Stimulus Bill Tax Provisions Help Small Business, Says IRS
While builders are focusing much of their attention on informing prospective first-time buyers of the $8,000 credit created by American Recovery and Reinvestment Act signed by the President in February, the Internal Revenue Service has been working to publicize the tax provisions in the stimulus package that are available to help many small businesses and self-employed individuals.
Among key highlights for small businesses:
- Deferral of Cancellation of Debt Tax. The stimulus legislation provides a deferral for tax that would be required for debt forgiveness due to business debt restructuring (e.g. AD&C loans). Under prior law, debt forgiveness — including certain term extensions, reductions of the principal or interest rate reductions greater than 25 basis points — gave rise to tax liability. For restructurings in 2009 and 2010, the stimulus bill allows a 10-year deferral of taxes due, with five years of complete deferral followed by 20% payments of the tax annually for five years.
For example, if a bank restructures a business loan by reducing its interest rate and extending the payment term, and in the process lowers the net present value of the loan by $100,000, that $100,000 is generally taxable income for the borrower under the tax code. If this restructuring occurs in 2009 or 2010, then the payment of the tax — up to $35,000 in liability — would be totally deferred for five years. And then it would be paid at up to $7,000 a year for the next five years — one-fifth of what is owed each year.
- Net Operating Loss Carryback. Small businesses with deductions exceeding their income in 2008 can use a new net operating loss tax provision in the stimulus law to get a refund of taxes paid over the past five years instead of the usual two. This provision applies only to qualified small businesses, which are those that reported an average of no more than $15 million in gross receipts for the three tax years 2006 to 2008; (the IRS has favorably clarified that the year of the tax loss is included in the gross receipts test; thus, 2006 through 2008, rather than 2005 through 2007.) The provision only applies for NOLs in tax year 2008.
For example, a qualified business with $5 million in average gross receipts over 2006 to 2008 experienced a $1 million loss in tax year 2008. If the business reported less than $1 million in total taxable income in tax years 2007 and 2006, the business would have to carry-forward a portion of its NOL deduction from tax year 2008. Under the stimulus bill provision, the business can carry back the NOL to tax years 2003, 2004 and 2005, and transform the NOL into a timely tax refund against prior taxes paid.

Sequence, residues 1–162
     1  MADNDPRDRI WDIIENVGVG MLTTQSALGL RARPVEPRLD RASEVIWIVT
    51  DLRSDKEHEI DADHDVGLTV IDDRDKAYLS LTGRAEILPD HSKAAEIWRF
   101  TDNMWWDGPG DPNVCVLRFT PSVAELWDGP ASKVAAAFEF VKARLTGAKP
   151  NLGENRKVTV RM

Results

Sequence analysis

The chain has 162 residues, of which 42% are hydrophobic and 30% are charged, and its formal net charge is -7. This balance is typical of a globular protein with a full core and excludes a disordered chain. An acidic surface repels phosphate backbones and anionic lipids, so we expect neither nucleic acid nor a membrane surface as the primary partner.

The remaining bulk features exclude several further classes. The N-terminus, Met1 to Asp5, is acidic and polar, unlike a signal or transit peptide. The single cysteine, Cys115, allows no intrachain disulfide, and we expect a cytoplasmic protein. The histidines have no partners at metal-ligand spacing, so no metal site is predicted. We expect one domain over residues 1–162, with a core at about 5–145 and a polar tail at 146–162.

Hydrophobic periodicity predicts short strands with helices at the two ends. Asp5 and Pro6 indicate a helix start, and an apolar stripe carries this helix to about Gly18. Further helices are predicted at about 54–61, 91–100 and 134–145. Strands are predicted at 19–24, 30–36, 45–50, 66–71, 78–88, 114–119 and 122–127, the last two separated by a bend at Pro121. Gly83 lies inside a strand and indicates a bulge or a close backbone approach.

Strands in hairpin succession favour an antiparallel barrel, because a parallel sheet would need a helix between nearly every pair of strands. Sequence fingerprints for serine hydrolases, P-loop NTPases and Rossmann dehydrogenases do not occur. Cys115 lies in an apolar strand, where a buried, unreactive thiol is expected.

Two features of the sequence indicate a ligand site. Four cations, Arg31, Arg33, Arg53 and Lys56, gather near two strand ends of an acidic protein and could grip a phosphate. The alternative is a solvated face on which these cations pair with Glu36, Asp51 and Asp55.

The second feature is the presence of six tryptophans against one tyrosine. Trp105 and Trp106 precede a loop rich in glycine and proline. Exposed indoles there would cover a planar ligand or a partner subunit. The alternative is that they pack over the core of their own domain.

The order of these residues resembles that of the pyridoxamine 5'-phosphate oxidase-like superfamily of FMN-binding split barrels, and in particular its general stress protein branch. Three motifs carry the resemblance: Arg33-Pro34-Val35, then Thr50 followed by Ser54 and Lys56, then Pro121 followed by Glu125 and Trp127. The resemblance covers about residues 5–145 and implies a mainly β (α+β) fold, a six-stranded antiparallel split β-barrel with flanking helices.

To accommodate the change in the tax law, the IRS has updated Publication 536, “Net Operating Losses (NOLs)for Individuals, Estates and Trusts,” as well as instructions for Form 1045 and Form 1139, which small business will use to take advantage of the carryback provision.
- Section 179 Deduction. A qualifying taxpayer can choose to treat the cost of certain property as an expense and deduct it in the year the property is placed in service instead of depreciating it over several years. This property is frequently referred to as Section 179 property.
Under the stimulus bill, qualifying businesses can expense up to $250,000 of section 179 property for tax years beginning in 2009, up from $133,000 under the previous 2009 expensing limit. The $250,000 amount provided under the new law is reduced if the cost of all section 179 property placed in service by the taxpayer during the tax year exceeds $800,000.
The new law does not alter the section 179 limitation imposed on sport utility vehicles, which have an expense limit of $25,000.
The Recovery Act also includes the following business-related provisions:
- Reduction of Estimated Tax Payments. Normally, small businesses have to pay 110% of their previous year’s taxes in estimated taxes. The stimulus legislation permits small businesses to reduce their estimated payments to 90% of the previous year’s taxes.
- Extension of Bonus Depreciation Deductions Through 2009. Bonus depreciation is extended through 2009, allowing businesses to take a larger tax deduction within the first year of a property’s purchase.
- Capital Gains Tax Break for Investment in Small Business. Investors in a small business who hold their investments for five years can exclude from taxation 75% of their capital gains.
There is a wide range of provisions in the American Recovery and Reinvestment Act that may be helpful to the housing industry, and NAHB has compiled a list of them along with the potential benefits they provide. To read a summary of these provisions, click here.
For more information on the housing stimulus provisions, e-mail Robert Dietz at NAHB, or call him at 800-368-5242 x8285.